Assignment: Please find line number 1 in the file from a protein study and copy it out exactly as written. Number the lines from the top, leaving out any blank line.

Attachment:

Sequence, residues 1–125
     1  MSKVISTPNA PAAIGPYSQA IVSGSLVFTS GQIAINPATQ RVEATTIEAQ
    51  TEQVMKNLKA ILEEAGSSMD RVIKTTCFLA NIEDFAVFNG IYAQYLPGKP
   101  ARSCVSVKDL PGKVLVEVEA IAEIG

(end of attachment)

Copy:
Sequence, residues 1–125